A wider net, involving additional departments, was cast. “We closed the treatment area and soon began using additional infection control precautions such as impervious gowns, booties and goggles,” says Nancy Ciesla, a physical therapy supervisor in Physical Medicine and Rehabilitation. To assure a completely safe environment for patients, Facilities and Engineering reconstructed the wound treatment rooms in such a way that they could be easily cleaned and completely disinfected between patients.

“All this led to a termination of the outbreak and prevented this organism from becoming established in this institution,” says Karen Carroll, director of Medical Microbiology, of the work, which was published in the Journal of the American Medical Association in December. Ciesla and other wound care therapists presented two abstracts at their national meeting in February and are working with vendors to get updated product information to physical therapy schools and others. “This is a huge success story, a true multidisciplinary patient safety initiative with microbiologists at the core,” says Carroll.

For the future, Carroll plans to continue the division’s emphasis on patient safety. Reducing mislabeled or unlabeled samples is a top priority. When such samples arrive, lab staff posts incident reports on the new electronic Patient Safety Net, where they are routed to the offending departments.

“Improving the quality of specimens could definitely impact test results,” says Carroll, who urges physicians to go to the Pathology Web site ( for guidelines on collecting good samples.

Acinetobacter, in hand.
The Micro Lab will also aim to speed the process of detecting and identifying organisms. It is building on its menu of molecular tests, which are generally faster, more sensitive and cost-effective than culture-based tests. The lab recently completed an FDA clinical trial on a new chromogenic media that will enable it to more quickly identify MRSA, short for methicillin-resistant staphylococcus aureus, a “superbug” now well established in hospitals everywhere. “This test has made it possible to get results at least 24 hours faster than conventional methods,” says Carroll. “Patients will be placed in isolation faster and theoretically, we can then prevent spread.”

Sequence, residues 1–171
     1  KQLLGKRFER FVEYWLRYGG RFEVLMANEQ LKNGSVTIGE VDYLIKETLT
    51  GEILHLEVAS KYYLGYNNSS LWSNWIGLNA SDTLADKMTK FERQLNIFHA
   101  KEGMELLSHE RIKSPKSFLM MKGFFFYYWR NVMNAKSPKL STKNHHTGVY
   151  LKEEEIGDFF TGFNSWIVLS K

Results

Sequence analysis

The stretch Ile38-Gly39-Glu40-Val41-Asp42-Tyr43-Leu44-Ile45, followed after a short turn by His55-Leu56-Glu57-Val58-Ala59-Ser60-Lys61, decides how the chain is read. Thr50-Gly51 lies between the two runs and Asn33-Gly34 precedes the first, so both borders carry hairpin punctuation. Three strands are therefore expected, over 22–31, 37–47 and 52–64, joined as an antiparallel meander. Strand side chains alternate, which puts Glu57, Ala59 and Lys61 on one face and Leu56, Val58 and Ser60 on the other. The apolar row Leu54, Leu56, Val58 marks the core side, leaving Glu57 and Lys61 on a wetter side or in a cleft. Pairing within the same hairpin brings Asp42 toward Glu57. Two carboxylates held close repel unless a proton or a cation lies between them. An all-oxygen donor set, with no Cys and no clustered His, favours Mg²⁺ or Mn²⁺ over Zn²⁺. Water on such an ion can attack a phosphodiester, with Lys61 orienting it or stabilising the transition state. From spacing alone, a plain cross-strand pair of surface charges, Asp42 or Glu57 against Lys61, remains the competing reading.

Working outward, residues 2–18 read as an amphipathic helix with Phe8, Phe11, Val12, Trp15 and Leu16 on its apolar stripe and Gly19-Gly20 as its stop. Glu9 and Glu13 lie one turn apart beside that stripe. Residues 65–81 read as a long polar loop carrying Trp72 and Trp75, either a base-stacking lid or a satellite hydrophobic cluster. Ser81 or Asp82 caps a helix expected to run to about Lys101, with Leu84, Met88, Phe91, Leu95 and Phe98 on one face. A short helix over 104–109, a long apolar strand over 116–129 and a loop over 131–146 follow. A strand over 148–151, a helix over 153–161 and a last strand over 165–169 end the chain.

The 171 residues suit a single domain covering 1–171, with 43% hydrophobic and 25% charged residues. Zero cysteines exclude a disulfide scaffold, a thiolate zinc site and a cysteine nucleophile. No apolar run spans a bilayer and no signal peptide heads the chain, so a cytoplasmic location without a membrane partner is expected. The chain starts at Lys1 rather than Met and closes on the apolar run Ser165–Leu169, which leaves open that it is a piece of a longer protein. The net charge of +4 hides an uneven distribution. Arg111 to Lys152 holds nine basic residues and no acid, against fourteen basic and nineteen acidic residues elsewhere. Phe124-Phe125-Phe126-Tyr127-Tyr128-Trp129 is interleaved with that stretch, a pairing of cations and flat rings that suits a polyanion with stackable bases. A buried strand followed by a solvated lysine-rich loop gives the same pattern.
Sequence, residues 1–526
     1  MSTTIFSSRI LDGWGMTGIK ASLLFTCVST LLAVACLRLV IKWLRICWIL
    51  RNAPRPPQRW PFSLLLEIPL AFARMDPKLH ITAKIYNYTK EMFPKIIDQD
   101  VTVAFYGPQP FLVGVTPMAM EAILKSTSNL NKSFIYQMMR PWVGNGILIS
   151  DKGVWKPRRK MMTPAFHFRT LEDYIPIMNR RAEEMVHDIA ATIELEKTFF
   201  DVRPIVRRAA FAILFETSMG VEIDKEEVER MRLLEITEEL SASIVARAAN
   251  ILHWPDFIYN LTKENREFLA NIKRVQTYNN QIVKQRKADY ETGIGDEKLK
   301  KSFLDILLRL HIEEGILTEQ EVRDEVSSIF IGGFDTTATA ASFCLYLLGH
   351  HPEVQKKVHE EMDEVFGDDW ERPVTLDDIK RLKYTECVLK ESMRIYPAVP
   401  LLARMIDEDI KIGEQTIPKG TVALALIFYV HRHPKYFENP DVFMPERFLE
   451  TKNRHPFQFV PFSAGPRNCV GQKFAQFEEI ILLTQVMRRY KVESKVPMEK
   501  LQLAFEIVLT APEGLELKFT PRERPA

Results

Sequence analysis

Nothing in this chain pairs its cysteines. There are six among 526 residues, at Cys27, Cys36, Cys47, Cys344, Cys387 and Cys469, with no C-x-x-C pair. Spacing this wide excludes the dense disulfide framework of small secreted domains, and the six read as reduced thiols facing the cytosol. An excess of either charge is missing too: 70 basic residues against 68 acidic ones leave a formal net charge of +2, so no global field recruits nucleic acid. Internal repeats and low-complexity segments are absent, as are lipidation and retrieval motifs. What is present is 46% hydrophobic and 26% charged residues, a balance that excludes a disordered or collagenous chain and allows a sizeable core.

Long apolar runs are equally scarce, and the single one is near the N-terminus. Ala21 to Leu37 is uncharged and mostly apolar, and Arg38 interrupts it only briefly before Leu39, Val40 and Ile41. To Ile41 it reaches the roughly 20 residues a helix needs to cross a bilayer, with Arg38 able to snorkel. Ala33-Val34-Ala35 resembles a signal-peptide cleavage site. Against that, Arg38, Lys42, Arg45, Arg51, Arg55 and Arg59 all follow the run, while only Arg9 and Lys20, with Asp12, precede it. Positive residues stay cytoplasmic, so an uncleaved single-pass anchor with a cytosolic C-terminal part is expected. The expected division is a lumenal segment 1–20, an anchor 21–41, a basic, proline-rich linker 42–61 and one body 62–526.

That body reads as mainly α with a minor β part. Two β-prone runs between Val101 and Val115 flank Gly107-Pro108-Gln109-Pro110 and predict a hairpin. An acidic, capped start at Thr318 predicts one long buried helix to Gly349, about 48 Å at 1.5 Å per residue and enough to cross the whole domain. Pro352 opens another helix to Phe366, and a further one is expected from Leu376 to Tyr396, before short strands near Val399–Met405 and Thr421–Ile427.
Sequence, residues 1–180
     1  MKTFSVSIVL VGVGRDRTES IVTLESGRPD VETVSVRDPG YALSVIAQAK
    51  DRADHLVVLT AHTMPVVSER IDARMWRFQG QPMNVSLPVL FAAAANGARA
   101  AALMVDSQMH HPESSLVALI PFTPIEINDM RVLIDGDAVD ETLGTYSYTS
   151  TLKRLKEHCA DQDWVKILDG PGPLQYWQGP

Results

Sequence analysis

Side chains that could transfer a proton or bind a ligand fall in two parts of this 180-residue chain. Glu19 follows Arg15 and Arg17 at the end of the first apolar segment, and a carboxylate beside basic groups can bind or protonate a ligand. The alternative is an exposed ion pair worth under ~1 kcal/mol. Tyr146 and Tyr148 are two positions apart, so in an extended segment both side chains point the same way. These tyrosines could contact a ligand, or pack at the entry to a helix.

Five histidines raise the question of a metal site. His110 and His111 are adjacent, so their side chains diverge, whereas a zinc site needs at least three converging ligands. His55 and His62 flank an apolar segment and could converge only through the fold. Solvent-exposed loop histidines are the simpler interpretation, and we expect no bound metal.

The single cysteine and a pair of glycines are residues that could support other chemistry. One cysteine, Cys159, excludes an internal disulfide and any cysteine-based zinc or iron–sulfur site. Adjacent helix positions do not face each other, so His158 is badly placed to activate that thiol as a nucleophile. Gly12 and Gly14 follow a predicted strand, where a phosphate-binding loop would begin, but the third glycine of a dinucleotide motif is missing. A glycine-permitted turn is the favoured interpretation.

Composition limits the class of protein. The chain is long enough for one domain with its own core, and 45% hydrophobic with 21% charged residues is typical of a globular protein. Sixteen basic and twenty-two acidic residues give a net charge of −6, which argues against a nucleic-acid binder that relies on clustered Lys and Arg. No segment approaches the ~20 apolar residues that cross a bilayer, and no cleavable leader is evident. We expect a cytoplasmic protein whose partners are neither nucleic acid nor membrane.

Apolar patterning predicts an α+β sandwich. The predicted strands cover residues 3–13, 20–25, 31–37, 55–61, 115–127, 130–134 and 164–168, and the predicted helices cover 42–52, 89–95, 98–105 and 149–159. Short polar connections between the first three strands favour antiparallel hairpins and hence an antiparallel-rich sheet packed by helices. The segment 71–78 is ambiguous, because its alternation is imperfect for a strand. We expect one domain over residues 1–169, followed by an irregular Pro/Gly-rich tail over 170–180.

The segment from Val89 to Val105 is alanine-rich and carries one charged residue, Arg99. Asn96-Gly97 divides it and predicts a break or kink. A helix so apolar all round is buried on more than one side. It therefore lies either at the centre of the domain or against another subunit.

Although MRSA is typically acquired in hospitals, in the mid-1990s it started turning up in the community, particularly among high school wrestlers and other young, otherwise healthy athletes in whom it caused serious skin infections. Last winter, a handful of previously healthy patients were hospitalized at Hopkins Hospital and Bayview with severe pneumonia caused by MRSA.

In the Micro Lab, Mian Cai, an expert in molecular testing, was able to develop a special polymerase chain reaction (PCR) test that identified the particular toxin in the MRSA strain. The Micro Lab became one of the first clinical labs in the country to do this assay and is now receiving requests for it from throughout Maryland and beyond.

An ongoing priority in the Micro Lab is preparing for the next big bug. That, says Carroll, will likely be avian influenza, a disease that has infected poultry in Asia. So far, there has not been sustained human-to-human transmission, but Carroll and other experts say it is only a matter of time. “We are going to have to be able to identify this in a timely fashion and make sure we have the tools to do it.”

With all the Micro Lab’s expertise, special capabilities and services, there is no reason to think that things will turn out otherwise.

—Anne Bennett Swingle



Johns Hopkins Medicine

About DOME | Archive
© 2005 The Johns Hopkins University
and Johns Hopkins Health System